I'm going to be slightly rude and have this window open whilst listening to the various ResearchMeet presentations. My initial idea is to type up what people are saying, should I happen to find it interesting or relevant. Hopefully, if I have time, I can go back over my initial thoughts and clarify them. Apologies in advance if I've quoted anyone out of context or misinterpreted what people have said. Also, you'll have to excuse the briefness of my responses; people are talking for short periods of time before someone else goes up, which limits the amount of time I can reflect!
Anyways, here goes...
The first group of speakers were aiming to talk about the impact of MEd research on practice. The first presenter, a former MEd student, felt that taking part of the SUPER MEd allowed her to better access 'the third space' - essentially bridging teaching and research. This is definitely something that I can agree with, as I feel like I can better see the connection between educational research and the process of teaching.
The next speaker, Laura, is a current MEd student in the same cohort as myself. She felt that being part of the SUPER MEd allowed her to become: Stretched, Ubiquitous, Practitioner, Enthusiasm, Reflective. She felt that it was the best CPD that she's ever done, and I'm inclined to agree. It has totally changed how I see teaching, as it has Laura as well.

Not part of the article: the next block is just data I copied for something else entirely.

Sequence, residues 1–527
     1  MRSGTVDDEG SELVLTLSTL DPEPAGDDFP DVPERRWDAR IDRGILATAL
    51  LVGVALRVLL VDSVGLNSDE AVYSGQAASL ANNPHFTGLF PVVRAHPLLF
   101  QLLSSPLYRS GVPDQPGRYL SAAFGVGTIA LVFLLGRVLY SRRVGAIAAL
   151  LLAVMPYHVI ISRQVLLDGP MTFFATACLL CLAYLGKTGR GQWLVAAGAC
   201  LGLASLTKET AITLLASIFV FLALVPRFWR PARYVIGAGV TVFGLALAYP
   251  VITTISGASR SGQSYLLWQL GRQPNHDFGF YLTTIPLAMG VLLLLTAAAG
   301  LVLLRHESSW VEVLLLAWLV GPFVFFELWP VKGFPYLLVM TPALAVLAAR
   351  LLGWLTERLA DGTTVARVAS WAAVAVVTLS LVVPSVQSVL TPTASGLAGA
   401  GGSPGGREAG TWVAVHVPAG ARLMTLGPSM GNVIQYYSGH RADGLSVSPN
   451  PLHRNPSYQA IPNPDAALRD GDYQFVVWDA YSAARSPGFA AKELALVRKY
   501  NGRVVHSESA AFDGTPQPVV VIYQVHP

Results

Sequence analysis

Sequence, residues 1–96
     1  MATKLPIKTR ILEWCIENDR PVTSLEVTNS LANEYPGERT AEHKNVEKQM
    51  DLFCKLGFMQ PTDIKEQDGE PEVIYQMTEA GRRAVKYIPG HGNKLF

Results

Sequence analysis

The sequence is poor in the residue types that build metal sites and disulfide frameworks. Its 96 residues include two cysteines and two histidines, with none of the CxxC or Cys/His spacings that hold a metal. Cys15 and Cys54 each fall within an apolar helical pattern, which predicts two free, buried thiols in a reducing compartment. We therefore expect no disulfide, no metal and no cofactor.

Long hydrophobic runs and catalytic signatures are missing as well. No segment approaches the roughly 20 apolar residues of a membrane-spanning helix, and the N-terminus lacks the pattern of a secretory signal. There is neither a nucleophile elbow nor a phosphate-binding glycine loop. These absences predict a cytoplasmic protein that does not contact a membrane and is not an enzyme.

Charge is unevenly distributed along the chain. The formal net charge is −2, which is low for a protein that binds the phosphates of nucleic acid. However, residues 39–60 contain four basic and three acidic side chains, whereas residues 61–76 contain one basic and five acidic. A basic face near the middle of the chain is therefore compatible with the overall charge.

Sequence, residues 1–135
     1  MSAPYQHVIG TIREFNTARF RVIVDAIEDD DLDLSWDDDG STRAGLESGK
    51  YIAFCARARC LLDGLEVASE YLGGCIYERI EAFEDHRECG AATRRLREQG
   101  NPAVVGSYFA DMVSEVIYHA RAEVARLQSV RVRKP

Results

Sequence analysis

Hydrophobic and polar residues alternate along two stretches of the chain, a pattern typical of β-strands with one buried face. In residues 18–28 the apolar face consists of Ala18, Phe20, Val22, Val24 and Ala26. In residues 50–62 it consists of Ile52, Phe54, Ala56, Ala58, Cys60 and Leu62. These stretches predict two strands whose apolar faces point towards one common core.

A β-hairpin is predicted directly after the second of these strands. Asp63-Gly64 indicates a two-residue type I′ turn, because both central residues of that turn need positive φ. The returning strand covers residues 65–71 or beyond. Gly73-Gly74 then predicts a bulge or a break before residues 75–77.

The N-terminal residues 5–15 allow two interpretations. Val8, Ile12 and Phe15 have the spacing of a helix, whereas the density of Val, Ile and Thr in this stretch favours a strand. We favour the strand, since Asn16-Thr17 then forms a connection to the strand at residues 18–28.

It was really nice to see other MEd students who are passionate about their thesis projects. We all seem to have pretty ambitious aims, hoping to be able to use our findings across the whole school. I think we all plan to take our findings and make use of them after we finish the actual thesis. I know I certainly don't want my thesis to be the end of my academic learning. Similarly, I sometimes I worry about the 'generalisability' of the research I plan to undertake, but at the end of the day if I can provide useful information to myself and my school, then that's all that should matter.
Another current MEd student really made me think about the use of setting within subjects. I'd really like to read his thesis, once he's done, because it sounds like a really interesting topic. As an English, history and media teacher myself (whom he identified as subjects most likely to be 'against' setting), I completely agree that sometimes setting isn't necessary. I teach mixed ability GCSE groups and set GCSE groups, and to be honest, I don't have to differentiate any differently for the set group versus the mixed ability group. Differentiation should take place in EVERY classroom, so having mixed ability groups doesn't necessarily mean more work for teachers, which I think some fear.